Most travelers tend to rely on more conventional protection methods in Spain. They include covering up for the key mosquito biting times of dawn and dusk, wearing light clothing, and donning trousers and long-sleeved tops (mosquitoes love the wrists and ankles!). You can also make use of herbal-based mosquito repellants that include elements of citronella, and light mosquito-repelling candles whenever you go out to eat (which we hope you’ll be doing plenty of!).

It’s also possible to minimize your risk of falling foul of a mosquito in Spain by choosing to visit somewhere that’s far away from the highest-risk areas in the south of the country. We know that might sound tricky, since everyone and their gran wants to hit the glowing beaches of the Costa del Sol and the white pueblos of Andalusia. But there’s SO much more to see in this nation, from the soaring summits of the Picos de Europa to the wild, lush bays of Galicia, examples that sit in regions known to be less inundated by mozzies.

Mosquito season in Spain

a beach in spain
Photo by lapping/Pixabay

The other important thing to know about mosquitoes in Spain is that not all times of the year are made equal. These biting fliers are typically a lot more active during the – you guessed it! – warmer months. Sadly, that also coincides with the season that most travelers prefer to visit on account of the scorching heat and the endless sun. As a rough guide, the first mosquito swarms tend to hit south Spain in early May, hitting a height in late July.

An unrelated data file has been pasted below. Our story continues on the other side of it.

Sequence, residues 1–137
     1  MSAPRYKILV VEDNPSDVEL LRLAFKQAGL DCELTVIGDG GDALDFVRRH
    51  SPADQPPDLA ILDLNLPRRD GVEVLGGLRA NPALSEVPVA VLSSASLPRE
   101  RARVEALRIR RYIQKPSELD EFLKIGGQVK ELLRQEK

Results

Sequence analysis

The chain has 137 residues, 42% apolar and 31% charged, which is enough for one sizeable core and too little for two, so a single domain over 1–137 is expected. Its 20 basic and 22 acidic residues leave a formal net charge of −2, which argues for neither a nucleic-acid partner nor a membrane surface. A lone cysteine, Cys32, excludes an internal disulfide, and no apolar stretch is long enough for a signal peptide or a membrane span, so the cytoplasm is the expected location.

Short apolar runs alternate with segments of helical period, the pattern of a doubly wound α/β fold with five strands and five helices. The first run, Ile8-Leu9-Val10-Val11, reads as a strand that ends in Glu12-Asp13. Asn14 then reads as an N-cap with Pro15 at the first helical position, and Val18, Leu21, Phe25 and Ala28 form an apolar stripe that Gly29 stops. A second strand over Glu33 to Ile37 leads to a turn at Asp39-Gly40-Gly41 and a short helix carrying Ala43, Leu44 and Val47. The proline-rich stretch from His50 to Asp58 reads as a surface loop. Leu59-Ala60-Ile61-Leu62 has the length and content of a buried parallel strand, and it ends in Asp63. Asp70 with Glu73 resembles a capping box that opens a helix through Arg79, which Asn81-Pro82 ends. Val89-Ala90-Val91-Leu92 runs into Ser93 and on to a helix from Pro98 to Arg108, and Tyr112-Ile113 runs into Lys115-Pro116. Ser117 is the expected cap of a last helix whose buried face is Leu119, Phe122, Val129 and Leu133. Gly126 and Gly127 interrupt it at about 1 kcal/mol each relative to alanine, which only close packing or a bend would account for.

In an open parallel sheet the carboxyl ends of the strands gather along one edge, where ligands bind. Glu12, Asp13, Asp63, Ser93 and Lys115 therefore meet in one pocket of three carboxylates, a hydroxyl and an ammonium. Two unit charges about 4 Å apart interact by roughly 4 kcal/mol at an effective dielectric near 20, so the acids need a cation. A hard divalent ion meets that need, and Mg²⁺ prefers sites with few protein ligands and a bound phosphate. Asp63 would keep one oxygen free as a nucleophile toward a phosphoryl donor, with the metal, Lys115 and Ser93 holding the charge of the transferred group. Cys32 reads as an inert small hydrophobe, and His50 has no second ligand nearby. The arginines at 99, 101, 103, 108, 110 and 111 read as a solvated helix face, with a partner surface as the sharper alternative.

One upshot here is that you can dodge the highest risk of mozzie bites by holidaying in the shoulder seasons of early spring, late fall, or even the winter. They’re not as hot so don’t see so many bugs. What’s more, there are other benefits, from fewer crowds at key sightseeing areas like Las Ramblas in Barcelona and the museums of Madrid to cheaper hotel and flight costs overall.

Mosquitoes in Spain – our conclusion

There are nearly 60 individual species of mosquitoes in Spain, along with at least two non-native species that have established themselves in the country. Thankfully, tropical diseases aren’t a huge issue in these parts, particularly since the nationwide eradication of malaria back in the 1960s. That said, there are still some infrequent reports of outbreaks of mosquito-borne ailments, like the West Nile Virus in Malaga back in 2022, for example.

The best thing to do to avoid being caught up in that is to ensure you protect against bites. You can do that by using strong DEET-based sprays (which many think are actually too strong for Spain) or by taking measures at key bite times, like covering up and staying inside at dawn and dusk.

Are there mosquitoes in Spain?

There are mosquitoes in Spain. There are over 50 types of the biting fliers in the country known today, not to mention one or two that are known as invasive species that have originated abroad. The most common is probably the common house mosquito, but you’ll also see a lot of the larger tiger mosquitoes in the south around regions like Andalusia.

Is there malaria in Spain?

Malaria was eradicated in Spain in 1964. However, that doesn’t mean that the doctors here have NEVER seen a case of the deadly disease. In truth, there’s been nearly 10,000 cases documented since then, though the vast majority of those can be linked to visits to other countries with higher malarial rates.